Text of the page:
Undercover drug and prostitution stings prompt new nightclub security measures
The Nevada Gaming Commission signed off Thursday on a $1 million fine against the Palms to settle compliant issued by the state’s Gaming Control Board resulting from an investigation that discovered rampant drug sales and prostitution at clubs on the property.
It’s the third-largest fine ever approved by the commission.
Under the deal, the Palms will also pay $78,000 to cover the cost of the control board’s investigation. The commission voted 4-0 to approve the fine, with Commissioner John Moran Jr. abstaining.
“We are very sorry to be appearing before you today,” George Maloof, minority owner of the Palms, told the commission. “We take these (charges) very seriously and have implemented many changes to prevent these issues from happening again.”
The violations contained in the 17-count complaint made public Jan. 11 were gathered during five undercover operations last year by board investigators and Las Vegas police.
Among the charges in the complaint was that on March 16 about 11:15 p.m., an undercover officer on his way to the Moon nightclub contacted a host manager, asking whether he could “supply some girls for their party because they wanted to get laid and didn’t care how much it would cost.”
The host manager said it would not be a problem. About 12:50 a.m., the host manager brought two women to the undercover officer’s table at Moon. According to the complaint, they went to the club’s outdoor deck where the host manager asked whether he “was happy with the girls because (host manager) could provide different girls if (the undercover officer) wanted.”
Commissioner Dr. Tony Alamo said it was dj vu all over again, noting that the commission approved a $650,000 fine against the Hard Rock Hotel to settle similar charges in January 2011.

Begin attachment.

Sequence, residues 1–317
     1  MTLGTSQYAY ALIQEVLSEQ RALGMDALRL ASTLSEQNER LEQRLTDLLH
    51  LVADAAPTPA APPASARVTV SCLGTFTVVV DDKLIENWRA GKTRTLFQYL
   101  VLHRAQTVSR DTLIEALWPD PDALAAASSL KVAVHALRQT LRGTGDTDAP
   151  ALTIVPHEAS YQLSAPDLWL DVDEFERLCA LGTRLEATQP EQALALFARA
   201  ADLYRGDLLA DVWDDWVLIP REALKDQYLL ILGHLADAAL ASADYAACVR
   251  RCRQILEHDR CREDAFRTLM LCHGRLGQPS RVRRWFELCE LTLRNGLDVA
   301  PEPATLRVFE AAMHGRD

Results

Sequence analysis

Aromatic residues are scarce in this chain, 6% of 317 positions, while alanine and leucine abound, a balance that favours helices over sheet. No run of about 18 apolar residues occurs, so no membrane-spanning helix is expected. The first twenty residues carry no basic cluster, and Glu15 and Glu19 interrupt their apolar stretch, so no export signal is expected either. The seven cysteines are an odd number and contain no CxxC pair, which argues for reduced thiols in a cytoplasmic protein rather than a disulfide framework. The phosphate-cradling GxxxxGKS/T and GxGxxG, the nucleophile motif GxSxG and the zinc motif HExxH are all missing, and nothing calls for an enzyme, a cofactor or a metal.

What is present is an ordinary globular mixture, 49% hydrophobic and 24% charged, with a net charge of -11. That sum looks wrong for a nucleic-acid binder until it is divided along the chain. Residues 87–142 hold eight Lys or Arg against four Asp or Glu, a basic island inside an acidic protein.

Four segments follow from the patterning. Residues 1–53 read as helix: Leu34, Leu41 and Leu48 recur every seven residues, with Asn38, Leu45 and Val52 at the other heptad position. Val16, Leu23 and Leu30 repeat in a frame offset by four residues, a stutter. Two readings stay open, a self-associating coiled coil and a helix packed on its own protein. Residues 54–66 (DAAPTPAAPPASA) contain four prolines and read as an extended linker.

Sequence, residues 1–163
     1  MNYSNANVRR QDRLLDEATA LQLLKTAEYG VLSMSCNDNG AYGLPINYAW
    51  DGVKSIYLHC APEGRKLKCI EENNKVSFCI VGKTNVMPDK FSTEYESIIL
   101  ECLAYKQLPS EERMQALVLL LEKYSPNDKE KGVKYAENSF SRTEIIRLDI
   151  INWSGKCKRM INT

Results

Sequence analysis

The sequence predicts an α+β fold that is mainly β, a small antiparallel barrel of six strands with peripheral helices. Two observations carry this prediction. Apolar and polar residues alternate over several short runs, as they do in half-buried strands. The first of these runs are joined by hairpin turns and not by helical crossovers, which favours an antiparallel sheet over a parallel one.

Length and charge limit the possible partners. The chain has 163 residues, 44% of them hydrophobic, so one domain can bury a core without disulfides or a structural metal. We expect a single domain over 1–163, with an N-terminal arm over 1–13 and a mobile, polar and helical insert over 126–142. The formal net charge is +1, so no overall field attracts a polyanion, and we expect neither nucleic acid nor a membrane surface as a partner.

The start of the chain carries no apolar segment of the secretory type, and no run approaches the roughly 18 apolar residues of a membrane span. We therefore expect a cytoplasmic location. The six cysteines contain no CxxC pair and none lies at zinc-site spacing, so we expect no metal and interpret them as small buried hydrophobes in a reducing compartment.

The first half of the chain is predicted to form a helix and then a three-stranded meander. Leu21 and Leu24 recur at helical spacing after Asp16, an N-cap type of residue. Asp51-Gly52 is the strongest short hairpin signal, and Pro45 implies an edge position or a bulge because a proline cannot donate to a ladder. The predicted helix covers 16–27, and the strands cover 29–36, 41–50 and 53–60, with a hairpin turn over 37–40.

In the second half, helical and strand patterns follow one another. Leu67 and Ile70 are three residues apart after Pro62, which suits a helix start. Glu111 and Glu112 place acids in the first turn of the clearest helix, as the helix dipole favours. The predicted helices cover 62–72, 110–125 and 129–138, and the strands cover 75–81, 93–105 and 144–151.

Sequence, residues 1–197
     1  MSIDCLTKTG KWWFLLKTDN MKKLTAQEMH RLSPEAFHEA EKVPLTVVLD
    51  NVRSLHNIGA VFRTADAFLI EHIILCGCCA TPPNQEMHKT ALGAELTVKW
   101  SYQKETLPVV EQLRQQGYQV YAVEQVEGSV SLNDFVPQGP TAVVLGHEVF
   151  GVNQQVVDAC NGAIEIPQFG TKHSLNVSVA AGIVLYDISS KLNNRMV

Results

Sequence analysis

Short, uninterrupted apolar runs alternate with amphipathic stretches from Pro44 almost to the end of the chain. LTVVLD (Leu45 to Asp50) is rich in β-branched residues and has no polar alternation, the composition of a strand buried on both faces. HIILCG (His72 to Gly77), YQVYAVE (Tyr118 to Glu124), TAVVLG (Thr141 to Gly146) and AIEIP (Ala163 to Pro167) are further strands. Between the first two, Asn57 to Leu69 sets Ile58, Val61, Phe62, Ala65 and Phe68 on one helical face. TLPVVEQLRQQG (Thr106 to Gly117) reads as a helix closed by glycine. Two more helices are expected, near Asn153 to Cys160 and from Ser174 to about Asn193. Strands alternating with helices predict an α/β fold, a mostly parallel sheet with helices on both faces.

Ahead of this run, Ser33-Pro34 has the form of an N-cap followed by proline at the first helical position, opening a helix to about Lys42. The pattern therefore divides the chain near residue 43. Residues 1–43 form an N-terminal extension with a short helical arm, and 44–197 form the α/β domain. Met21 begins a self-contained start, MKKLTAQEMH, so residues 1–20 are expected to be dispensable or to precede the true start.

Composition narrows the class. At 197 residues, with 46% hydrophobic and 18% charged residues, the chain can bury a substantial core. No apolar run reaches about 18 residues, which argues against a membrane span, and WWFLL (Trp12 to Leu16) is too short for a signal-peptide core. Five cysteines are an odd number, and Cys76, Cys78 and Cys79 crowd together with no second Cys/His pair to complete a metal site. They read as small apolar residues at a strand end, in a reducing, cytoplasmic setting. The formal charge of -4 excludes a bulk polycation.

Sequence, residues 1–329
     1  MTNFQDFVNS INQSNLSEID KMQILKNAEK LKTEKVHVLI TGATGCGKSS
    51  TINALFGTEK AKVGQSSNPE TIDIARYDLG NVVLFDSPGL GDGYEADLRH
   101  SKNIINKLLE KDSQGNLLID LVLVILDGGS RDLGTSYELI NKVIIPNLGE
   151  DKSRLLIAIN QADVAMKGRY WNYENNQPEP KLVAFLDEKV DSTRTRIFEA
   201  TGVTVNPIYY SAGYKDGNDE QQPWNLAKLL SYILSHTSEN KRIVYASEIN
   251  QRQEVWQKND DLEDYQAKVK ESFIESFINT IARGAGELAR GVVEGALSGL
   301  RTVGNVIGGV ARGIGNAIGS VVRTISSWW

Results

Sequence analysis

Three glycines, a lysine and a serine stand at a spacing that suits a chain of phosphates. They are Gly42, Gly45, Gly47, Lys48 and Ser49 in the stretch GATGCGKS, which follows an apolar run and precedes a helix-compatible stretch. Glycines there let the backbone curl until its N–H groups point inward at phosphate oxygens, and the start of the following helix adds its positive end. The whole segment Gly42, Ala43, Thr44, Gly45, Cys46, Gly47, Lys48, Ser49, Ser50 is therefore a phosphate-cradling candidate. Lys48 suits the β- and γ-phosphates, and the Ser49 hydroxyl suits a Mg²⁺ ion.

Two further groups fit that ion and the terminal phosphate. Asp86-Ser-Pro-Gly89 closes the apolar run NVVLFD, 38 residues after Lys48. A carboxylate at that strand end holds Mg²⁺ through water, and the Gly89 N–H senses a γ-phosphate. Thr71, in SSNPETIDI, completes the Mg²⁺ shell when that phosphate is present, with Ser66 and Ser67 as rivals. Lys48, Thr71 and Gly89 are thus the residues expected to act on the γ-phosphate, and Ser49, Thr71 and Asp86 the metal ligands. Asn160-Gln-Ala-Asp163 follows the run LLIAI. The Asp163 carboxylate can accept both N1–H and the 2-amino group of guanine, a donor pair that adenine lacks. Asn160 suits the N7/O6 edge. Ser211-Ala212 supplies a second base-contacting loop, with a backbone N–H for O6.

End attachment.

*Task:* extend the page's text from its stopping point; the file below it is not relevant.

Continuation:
“These clubs and pools are a good thing,” Alamo said. “Somewhere along the way it looks like we are losing control. It’s not a proud moment for the Palms.”
The Palms has four months to pay the $1 million fine. As a result of the complaint, the Palms replaced contract club security with resort employees, added additional cameras in the clubs, and hired a mystery shopping company to help identify potential problems.
“For a stand-alone property, this is a significant penalty,” said Frank Schreck, an attorney representing the Palms.
The commission could have rejected the settlement and conducted a hearing to change the amount of the fine or considered revoking the off-Strip hotel’s gaming license.
Only twice has the commission imposed heftier fines. In 1984, the commission levied a $3 million fine against the Stardust resort for skimming. The commission fined Ralph Engelstad, the ex-owner of the Imperial Palace, $1.5 million in 1988 for damaging the reputation of the state by holding, in two separate years, private Hitler birthday parties at his casino.
“This is a very serious matter, and we are committed to preventing this from happening on our property again,” the Palms said in a statement.
Also on Thursday, the five-member commission approved two companies to receive the state’s 18th and 19th interactive gaming licenses.
Lottomatica Group was approved as a technology provider, while Sartini Synergy Online, a division of Golden Gaming in Pahrump, was approved as an operator.
Lottomatica, based in Rome, owns several gaming industry subsidiaries, including lottery company Gtech and slot machine manufacturer Spielo. The company plans to provide software to casino operators that want to launch online poker sites within Nevada.
Lottomatica also said it will change its name to Gtech by the end of the year, as it moves further integrate its businesses with its U.S. division Gtech Holdings Corp.
“We are very aware of the privilege that comes with a license, and we take that responsibility very seriously,” Lottomatica general counsel Robert Jones said.
Golden Gaming CEO Blake Sartini told the commission the company has “taken a cautious approach to this point” and is still developing its interactive gaming strategy. Sartini said the company sought licensing so Sartini Synergy could be “ready when it makes sense.”
Also on Thursday, the commission approved Truckee Gaming’s $19.2 million acquisition of three Northern Nevada casinos from Affinity Gaming. The private equity group is headed by Ferenc Szony, Affinity Gaming’s former chief operating officer.
The casinos are in Reno, Verdi and Dayton.
“Northern Nevada is a challenging market, but that can be fun to operate in,” Szony said. “We think we can keep these (casinos) moving forward. I think we can do well.”
Contact reporter Chris Sieroty at email@example.com or 702-477-3893. Follow @sierotyfeatures on Twitter.
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